Editor's Note: Linspire Shootout Kit Sounds Good On Paper...
Jun 11, 2004, 23:00 (5 Talkback[s])
(Other stories by Brian Proffitt)
Re-Imagining Linux Platforms to Meet the Needs of Cloud Service Providers
By Brian Proffitt
I am not, by anyone's standards, the world's biggest
fan. While Michael Robertson is an ultra-savvy communicator and
corporate player, he tends to play things a little fast and loose
when it comes to overpromising and underdelivering.
Note, I said "a little." Having used the Lindows software, I
found it to be adequate in the past, but like so many other things,
not quite up to the hype. I realize this might be upsetting to any
Linspire fans out there, but I fear no wrath, for it all pales
before the scathing comments I got last Friday evening... when I
was the only one in my family disappointed with the new Harry
Potter movie. Boy, did my girls let me have it.
Lindows may have not delivered quite up to their hype, but I
have to admit I was very intriqued by their decision this week to
bundle the Mandrake and Fedora distributions with Linspire in their
Desktop Linux Comparison Kit.
From a marketing standpoint, this looks like a very nice
gesture, something akin to the move made by Edmund Gwenn's Kris
Kringle character in Miracle on 34th Street when he, as the Macy's
Santa Claus, started pointing out great deals on toys at other
department stores in Manhattan. Other companies in recent times
have used this tactic, usually to positive public response.
Practically, though, I wonder who is going to have time to
actually sit down and compare three separate Linux distributions. I
used to change flavors all of the time when I was actively
reviewing distros, but it was still a time-consuming process at
best and if something went wrong, a big pain in the butt at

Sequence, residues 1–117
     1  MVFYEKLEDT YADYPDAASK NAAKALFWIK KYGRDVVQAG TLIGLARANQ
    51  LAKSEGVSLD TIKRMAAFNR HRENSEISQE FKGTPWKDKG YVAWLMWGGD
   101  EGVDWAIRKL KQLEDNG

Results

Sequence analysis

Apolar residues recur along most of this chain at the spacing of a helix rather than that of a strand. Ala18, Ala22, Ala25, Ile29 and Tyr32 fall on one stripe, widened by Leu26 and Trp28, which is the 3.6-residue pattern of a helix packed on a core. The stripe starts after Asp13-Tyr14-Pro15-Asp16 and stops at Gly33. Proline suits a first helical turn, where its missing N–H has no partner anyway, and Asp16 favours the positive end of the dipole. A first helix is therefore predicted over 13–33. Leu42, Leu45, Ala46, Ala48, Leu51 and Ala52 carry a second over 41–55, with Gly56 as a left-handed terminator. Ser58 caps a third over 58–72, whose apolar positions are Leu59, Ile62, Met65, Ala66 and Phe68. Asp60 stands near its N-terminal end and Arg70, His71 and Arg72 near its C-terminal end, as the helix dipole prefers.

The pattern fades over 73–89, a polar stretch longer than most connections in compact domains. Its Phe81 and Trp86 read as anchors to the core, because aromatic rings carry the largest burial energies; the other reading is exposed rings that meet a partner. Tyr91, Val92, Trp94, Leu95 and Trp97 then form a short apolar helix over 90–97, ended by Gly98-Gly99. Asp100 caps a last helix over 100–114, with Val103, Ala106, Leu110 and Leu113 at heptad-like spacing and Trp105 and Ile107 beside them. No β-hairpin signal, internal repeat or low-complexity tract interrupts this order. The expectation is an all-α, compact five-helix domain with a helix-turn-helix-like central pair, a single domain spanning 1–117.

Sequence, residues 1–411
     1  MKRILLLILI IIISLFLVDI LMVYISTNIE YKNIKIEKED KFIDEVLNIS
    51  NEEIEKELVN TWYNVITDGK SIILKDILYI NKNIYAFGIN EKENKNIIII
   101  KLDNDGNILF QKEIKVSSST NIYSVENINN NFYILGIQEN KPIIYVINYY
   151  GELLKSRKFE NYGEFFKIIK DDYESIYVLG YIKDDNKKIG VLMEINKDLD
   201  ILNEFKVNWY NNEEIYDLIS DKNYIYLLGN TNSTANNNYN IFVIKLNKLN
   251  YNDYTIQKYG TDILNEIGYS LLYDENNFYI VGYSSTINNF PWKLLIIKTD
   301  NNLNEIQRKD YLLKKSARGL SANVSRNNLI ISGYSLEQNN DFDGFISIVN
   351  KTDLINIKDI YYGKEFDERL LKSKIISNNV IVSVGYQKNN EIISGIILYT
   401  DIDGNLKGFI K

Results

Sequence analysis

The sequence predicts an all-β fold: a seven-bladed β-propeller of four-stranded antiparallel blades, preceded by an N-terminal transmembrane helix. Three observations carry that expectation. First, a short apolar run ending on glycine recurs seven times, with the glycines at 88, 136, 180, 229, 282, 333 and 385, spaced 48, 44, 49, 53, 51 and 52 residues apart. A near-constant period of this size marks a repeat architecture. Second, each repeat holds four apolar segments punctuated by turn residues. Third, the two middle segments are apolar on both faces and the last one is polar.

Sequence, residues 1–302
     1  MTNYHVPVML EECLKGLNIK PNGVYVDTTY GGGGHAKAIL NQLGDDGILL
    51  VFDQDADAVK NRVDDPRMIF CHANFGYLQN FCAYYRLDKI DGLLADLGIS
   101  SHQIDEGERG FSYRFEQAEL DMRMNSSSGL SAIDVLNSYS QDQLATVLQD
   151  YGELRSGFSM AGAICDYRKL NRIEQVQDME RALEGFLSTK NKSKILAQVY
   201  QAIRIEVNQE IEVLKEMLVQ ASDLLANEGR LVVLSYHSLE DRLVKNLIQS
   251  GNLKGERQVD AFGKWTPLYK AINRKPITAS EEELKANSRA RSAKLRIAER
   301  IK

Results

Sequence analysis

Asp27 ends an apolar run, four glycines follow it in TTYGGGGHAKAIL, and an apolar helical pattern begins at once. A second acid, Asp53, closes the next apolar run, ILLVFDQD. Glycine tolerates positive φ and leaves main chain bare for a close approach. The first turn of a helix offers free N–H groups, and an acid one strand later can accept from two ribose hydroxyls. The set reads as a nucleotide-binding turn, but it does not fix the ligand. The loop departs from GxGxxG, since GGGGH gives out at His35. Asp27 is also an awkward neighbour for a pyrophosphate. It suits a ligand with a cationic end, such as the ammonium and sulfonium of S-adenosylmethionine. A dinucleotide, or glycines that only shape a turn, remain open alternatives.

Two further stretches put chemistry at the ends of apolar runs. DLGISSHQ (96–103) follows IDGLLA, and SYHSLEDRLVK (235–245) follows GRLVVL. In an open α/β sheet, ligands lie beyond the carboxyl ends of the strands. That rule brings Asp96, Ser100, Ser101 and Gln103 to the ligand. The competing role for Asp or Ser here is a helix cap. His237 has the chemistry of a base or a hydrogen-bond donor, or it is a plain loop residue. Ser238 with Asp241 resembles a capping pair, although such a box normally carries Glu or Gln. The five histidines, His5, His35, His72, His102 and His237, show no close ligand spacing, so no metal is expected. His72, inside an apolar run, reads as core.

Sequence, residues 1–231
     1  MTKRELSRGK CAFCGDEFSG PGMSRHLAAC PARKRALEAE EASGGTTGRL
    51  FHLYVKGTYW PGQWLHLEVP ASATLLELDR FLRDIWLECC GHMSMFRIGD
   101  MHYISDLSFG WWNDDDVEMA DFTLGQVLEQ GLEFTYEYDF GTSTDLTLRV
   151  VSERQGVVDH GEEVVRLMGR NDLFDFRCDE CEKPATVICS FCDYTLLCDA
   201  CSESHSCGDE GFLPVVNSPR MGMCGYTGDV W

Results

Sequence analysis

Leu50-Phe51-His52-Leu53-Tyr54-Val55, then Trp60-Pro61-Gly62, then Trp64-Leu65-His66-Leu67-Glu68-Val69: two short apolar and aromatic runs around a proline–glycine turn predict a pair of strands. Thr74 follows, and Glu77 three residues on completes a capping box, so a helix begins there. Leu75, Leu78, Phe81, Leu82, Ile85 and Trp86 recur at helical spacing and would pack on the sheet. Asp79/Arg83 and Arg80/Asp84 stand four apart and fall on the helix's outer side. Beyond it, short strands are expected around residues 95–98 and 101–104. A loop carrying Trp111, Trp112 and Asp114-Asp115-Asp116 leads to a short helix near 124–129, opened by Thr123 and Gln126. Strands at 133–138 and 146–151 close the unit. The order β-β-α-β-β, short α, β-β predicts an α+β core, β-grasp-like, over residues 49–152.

I will be interested to read the documentation that should come
with this Kit to see how Lindows recommends this "desktop shootout"
should take place. Clearly, this is a project someone will have to
spend a lot of time doing. Which leads me to believe that Lindows
may be shifting its product focus of its Linspire distro to more
than just the average consumer.
The average consumer, even one who is technically savvy, is
little likely to have the time/patience/inclination to run through
three full Linux installs, even if they partitioned the heck out of
their hard drive(s). Instead, its the professional IT person, who
is paid to check this kind of stuff out, who might have
the ability and the time to run the gamut of this shootout.
I have to put that qualifier in there, because I am still
skeptical that this shootout idea is really practical for any user.
But I will allow that Lindows may have shot at getting some IT
staffers to try this out.
You might think I am a little late for the clue train here,
since Lindows stated in the very press release about this Kit that
this would be ideal for "businesses, educational institutions, and
computer enthusiasts." Again, just the sort of folks that might
actually try out all of these distros. But it is one thing to say
your distro is good for business use and it's another to actually
do something about it.
Lindows has said for quite some time that its main product is
suitable for business, but really hadn't done much about actually
making that so. Earlier this year, though, Lindows started
announcing that they would be making more of a push to the
enterprise. We have just seen another step in that direction.
I would also be interested in seeing the Kit's documentation to
see how Linspire will be stacked up against Fedora and Mandrake. I
would be hard-pressed to say that Linspire actually approached the
full functionality of these two veteran distros--at least with a
straight face. But Linspire's documentation will not have such
limitations. Certain key aspects of Lindows, such as its intergated
WINE functionality and its much-touted software warehouse, will
very likely be highlighted more than any other feature, since these
are features Fedora and Mandrakelinux don't have, at least, out of
This is all speculation until I actually see the Kit's
documentation. Putting up Linspire against Mandrakelinux and Fedora
Core is definitely a gutsy move, and perhaps a little foolhardy, at
least to hard-core Linux users. To average users who aren't seeking
the superior features of a veteran distro, Linspire could have a
If those users have the patience to complete the shootout.
PR: Lindows To Offer Fedora, Mandrake With Its Own(Jun 09,